I was writing a class for my project. It was test driven, going red-green, got great speed, method for method the class was growing. The coverage was 100%, everything was flowing, I was pleased.
But sometimes one need to take a step back, take a look from a higher altitude. Suddenly I realize, I can do without this class.
I look at the new solution with suspicion. It is to good to be true. But my new design makes sense. It is simpler, it provides what is needed. I attack it from several angles, but it holds. It is a better solution, so why do I hate it? Why do my mind fight it?
It dawns on me, I don't want to throw away my class.
The class itself is nothing special, it is a simple class (much of the simplicity was born from the test driven approach). The class did solve a well defined, narrow problem, but there isn't much in the class itself that makes it worth keeping.
So what is it that keeps me from throwing it all away? Sunk costs? Aversion from throwing away code? (I might be a code hoarder).
No, the costs are negligible and I do not feel any attachment to the class itself. There was nothing unique or valuable in the class. If it was I would be able to factor it out somehow. Still there was this feeling that I would lose something if I threw it out.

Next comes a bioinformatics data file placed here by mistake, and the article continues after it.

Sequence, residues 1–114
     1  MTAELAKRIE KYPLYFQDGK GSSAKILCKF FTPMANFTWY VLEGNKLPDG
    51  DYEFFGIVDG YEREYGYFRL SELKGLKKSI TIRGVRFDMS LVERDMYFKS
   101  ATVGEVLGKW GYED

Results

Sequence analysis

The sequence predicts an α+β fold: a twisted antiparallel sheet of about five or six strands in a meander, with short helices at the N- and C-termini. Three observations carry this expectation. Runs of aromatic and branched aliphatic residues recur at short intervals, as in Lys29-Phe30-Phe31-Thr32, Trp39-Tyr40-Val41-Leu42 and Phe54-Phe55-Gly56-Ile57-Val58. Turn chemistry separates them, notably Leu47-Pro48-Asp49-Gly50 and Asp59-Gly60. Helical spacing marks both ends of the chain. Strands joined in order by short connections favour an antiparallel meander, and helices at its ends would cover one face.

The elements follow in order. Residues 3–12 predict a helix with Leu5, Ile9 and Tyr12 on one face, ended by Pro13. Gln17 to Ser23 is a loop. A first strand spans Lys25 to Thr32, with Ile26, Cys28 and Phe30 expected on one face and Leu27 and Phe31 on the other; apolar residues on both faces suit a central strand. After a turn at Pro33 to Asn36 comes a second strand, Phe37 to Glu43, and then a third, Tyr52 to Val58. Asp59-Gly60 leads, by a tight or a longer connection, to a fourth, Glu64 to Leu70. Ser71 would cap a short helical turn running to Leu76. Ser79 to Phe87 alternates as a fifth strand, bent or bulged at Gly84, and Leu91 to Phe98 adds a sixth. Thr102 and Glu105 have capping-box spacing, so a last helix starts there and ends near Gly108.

It is the tests.
The tests were beautiful and well crafted. Tests defines the class, and their value is coupled to that class. Throw the class out, and the tests are worthless.
The though of killing good tests like that was agonizing, and the agony was completely irrational. Still if I hadn't stopped to do some mental introspection, I could have thrown away a simpler, better solution in favor of my tests.
Personal attachment to code is nothing new, yet tests are special. because unlike other code they has no value by itself, it has only the value of the class it tests.
This does of course not mean that tests are to be avoided, just make sure that you don't get to attached to them. They are means to an end, not an asset on their own...